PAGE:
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The general meaning of monoecious or monoicous, monocous (from Greek: mono, single, oikos, house) is having male and female reproductive organs in the same plant or animal, as opposed to dioecious or diocious (Greek: dia (diairo: "divide") + oikos, "house").

Synonymous with "mono-*" is syno-*. Synonymous with "dio-*" are paro-* and hetero-*. For example, "synoecious", "heteroecious", and other combinations.

In zoology, the preferred terminology has become hermaphrodite, rather than "monoecious", while botany has a more specific usage of the terms. An exception are lower animals, e.g., the phylum of annelids (that covers worms and leeches): they may be monoecious (the same animal bears both ova and sperm) or dioecious.

A monoecious plant produces male and female gametophytes in the same sporophyte, in contrast to dioecious plants, in which a single plant may have only either male or female organs. See Sexual reproduction of plants.

  • Monoecious - having unisexual flowers, conifer cones, or functionally equivalent structures of both sexes appearing on the same plant;
  • Dioecious - having unisexual flowers, conifer cones, or functionally equivalent structures occurring on different individuals;
  • Because many dioecious conifers show a tendency towards monoecy (that is, a female plant may sometimes produce small numbers of male cones or vice versa), these species are termed subdioecious.

Bryophyte sexuality

Bryophyte are generally gametophyte-oriented; that is, the normal plant is the haploid gametophyte, with the only diploid structure being the sporangium in season. As a result, bryophyte sexuality is very different from that of other plants. There are two basic categories of sexuality in bryophytes:

  • Monoicous bryophytes produce both antheridia (male organs) and archegonia (female organs) on the same plant body.
  • Dioicous bryophytes produce only antheridia or archegonia on a single plant body.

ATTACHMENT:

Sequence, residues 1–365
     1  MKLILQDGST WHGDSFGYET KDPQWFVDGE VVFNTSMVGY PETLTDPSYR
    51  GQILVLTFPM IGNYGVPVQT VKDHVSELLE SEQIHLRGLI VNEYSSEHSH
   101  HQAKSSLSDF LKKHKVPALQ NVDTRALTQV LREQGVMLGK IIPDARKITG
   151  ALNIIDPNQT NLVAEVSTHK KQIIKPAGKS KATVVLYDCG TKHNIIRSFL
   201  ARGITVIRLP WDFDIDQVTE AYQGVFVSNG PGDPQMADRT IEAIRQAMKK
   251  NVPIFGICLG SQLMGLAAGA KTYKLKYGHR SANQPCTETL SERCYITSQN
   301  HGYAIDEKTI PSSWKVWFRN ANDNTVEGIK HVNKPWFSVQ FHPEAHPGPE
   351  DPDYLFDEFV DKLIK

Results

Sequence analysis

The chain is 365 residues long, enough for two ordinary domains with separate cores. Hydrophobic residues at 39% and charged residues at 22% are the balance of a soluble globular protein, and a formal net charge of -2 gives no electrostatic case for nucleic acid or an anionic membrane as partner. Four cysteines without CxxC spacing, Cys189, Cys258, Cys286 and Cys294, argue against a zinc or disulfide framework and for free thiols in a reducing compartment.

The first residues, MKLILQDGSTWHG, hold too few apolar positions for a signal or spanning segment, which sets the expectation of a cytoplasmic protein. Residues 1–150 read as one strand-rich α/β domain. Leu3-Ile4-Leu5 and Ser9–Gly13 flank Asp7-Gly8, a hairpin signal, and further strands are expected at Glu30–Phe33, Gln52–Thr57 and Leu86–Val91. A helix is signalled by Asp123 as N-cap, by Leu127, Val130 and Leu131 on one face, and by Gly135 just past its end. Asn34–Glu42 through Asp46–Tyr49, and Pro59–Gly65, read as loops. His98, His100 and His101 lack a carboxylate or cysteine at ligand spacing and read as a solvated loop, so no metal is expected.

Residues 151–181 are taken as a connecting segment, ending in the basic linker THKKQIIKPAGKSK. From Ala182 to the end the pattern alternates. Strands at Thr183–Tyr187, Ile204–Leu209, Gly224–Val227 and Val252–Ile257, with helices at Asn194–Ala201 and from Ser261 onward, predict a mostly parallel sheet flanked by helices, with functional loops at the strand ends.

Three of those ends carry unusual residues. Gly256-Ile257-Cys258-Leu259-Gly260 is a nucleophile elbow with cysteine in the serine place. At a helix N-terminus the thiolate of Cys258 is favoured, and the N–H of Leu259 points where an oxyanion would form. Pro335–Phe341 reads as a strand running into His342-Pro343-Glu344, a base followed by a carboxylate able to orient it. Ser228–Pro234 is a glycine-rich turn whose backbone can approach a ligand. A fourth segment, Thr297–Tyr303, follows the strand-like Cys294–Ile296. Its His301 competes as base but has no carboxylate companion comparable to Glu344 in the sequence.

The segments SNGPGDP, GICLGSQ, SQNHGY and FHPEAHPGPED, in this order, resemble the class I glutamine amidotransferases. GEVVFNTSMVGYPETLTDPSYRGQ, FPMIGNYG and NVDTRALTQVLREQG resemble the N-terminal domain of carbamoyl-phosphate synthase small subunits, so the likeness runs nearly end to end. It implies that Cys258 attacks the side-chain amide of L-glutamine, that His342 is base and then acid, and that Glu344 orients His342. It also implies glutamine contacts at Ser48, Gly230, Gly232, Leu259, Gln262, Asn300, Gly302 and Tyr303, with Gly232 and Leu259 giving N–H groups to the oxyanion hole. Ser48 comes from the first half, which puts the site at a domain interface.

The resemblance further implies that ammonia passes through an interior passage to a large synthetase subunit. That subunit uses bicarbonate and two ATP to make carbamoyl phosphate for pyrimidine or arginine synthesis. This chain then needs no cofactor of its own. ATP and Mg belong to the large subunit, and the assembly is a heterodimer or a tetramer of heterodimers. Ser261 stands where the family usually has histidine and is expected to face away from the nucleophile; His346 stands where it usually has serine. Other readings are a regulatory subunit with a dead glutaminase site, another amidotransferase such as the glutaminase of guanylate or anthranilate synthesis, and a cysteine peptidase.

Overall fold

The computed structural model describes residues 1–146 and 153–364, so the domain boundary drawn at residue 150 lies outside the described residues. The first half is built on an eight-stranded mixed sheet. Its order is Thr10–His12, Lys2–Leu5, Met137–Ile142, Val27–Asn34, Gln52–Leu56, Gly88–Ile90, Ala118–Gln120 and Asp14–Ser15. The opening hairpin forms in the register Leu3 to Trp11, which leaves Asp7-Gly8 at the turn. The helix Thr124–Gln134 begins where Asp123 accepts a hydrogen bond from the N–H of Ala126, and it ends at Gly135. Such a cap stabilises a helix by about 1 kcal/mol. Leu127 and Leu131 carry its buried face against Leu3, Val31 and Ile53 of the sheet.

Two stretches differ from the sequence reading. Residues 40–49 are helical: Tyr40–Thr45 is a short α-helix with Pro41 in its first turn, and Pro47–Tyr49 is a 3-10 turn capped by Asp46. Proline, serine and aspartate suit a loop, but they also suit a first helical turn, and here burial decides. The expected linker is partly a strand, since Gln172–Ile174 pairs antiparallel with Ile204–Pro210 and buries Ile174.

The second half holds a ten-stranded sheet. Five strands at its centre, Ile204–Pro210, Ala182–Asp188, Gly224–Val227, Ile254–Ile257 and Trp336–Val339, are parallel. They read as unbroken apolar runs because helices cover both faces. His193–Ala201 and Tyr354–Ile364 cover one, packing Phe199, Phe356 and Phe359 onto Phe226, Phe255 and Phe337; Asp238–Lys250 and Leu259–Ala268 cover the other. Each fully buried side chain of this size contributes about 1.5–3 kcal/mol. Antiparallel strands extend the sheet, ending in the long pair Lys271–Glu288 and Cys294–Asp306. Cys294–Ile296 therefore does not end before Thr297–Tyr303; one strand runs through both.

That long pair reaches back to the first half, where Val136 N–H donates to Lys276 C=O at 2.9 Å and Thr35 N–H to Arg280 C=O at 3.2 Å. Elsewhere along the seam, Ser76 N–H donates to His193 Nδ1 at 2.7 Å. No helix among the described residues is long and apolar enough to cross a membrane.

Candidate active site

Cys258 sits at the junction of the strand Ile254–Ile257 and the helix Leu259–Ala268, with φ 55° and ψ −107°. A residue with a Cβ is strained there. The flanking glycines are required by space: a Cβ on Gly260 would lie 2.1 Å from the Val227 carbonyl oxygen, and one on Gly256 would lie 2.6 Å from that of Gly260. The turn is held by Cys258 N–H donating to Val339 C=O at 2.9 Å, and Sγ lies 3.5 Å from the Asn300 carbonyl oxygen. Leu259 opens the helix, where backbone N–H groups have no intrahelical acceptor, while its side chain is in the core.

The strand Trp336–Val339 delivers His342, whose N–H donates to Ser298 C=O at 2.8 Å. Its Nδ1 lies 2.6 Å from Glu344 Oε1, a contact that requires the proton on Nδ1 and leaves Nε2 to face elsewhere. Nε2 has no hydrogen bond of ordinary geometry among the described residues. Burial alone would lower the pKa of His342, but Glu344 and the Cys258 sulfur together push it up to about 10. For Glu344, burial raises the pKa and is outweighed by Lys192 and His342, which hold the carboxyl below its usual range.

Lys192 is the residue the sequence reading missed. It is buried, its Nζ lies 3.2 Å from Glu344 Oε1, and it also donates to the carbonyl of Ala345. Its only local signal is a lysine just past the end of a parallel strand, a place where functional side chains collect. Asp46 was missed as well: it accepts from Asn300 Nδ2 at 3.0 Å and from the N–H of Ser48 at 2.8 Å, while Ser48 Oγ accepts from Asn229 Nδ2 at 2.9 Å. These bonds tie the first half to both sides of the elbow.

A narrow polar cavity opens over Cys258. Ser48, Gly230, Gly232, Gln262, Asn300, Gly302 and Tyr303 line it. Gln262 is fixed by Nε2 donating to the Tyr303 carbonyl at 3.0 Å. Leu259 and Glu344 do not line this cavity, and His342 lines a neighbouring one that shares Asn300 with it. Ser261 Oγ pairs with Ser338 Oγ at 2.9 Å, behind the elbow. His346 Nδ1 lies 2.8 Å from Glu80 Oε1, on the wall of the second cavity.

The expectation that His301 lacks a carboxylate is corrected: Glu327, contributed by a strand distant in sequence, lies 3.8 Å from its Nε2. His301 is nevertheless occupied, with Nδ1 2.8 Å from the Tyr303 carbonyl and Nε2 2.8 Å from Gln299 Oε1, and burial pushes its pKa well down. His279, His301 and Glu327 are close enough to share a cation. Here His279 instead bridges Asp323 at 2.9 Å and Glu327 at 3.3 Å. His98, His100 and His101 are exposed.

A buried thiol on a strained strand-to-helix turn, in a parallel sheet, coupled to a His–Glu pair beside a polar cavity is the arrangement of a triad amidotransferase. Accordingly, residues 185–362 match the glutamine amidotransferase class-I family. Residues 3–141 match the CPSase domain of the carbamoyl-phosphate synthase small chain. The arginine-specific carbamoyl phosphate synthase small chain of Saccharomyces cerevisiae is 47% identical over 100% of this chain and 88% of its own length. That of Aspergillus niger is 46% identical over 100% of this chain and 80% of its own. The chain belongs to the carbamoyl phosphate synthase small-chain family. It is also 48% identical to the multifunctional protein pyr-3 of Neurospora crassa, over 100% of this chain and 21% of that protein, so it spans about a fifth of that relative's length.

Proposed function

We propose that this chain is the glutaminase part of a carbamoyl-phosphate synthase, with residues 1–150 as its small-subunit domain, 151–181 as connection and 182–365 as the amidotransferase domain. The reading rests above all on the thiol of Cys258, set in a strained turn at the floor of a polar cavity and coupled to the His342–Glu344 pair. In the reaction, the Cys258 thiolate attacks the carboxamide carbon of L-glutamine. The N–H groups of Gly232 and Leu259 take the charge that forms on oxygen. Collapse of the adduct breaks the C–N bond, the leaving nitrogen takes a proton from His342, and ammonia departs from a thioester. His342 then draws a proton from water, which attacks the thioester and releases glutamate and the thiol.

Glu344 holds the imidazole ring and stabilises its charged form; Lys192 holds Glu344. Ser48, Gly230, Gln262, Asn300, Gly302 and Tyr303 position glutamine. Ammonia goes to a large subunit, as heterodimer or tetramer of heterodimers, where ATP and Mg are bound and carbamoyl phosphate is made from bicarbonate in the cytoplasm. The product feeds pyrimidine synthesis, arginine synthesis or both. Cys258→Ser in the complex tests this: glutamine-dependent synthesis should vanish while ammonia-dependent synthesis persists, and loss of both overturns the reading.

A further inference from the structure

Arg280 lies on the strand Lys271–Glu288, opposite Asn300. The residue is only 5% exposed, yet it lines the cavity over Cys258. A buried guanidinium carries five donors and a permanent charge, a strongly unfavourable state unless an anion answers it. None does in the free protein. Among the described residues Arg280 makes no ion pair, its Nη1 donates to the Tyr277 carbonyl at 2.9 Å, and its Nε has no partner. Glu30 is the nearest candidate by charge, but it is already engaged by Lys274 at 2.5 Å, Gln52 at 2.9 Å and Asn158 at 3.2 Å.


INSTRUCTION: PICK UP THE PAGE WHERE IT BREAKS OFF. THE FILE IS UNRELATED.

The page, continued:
Some bryophyte species may be either monoicous or dioicous depending on environmental conditions. Other species grow exclusively with one type of sexuality.

Occasionally the terms "monoecious (dioecious)" and "monoicous (dioicous)" may be used interchangeably, but there is a tendency to restrict monoecious and dioecious only to seed plants, which refer to whether or not an individual sporophyte plant bears one or both kinds of gametophyte.

Role in Survival

There are both advantages and disadvantages in being Monoicous and Dioicous. Organisms who are Monoicous benefit because they almost always are capable of reproducing, since there is no need to find a partner of another gender.

However, Dioicous organisms, on the other hand, have the benefit of trading genes with other members of the species, thus promoting evolution and the natural selection of desirable traits. However, they fall short in low populated areas, since they must find a breeding partner of the opposite gender. When only one sex of a species is left, the species is typically considered extinct and the only possible ways to save the species is through cloning or interbreeding with a closely related species, producing a hybrid. Also if populations reach critically low numbers ("Bottleneck"), they also may increase inbreeding due to the reduced pool of possible mates, and lower the number of available allelles for evolution, and in certain species, even have an inbreeding depression effect, where reproduction is lowered, or even incompatible, or may produce malformed offspring in certain species.

This article is licensed under the GNU Free Documentation License. It uses material from the Wikipedia article "Monoicous". A list of authors is available in Wikipedia.
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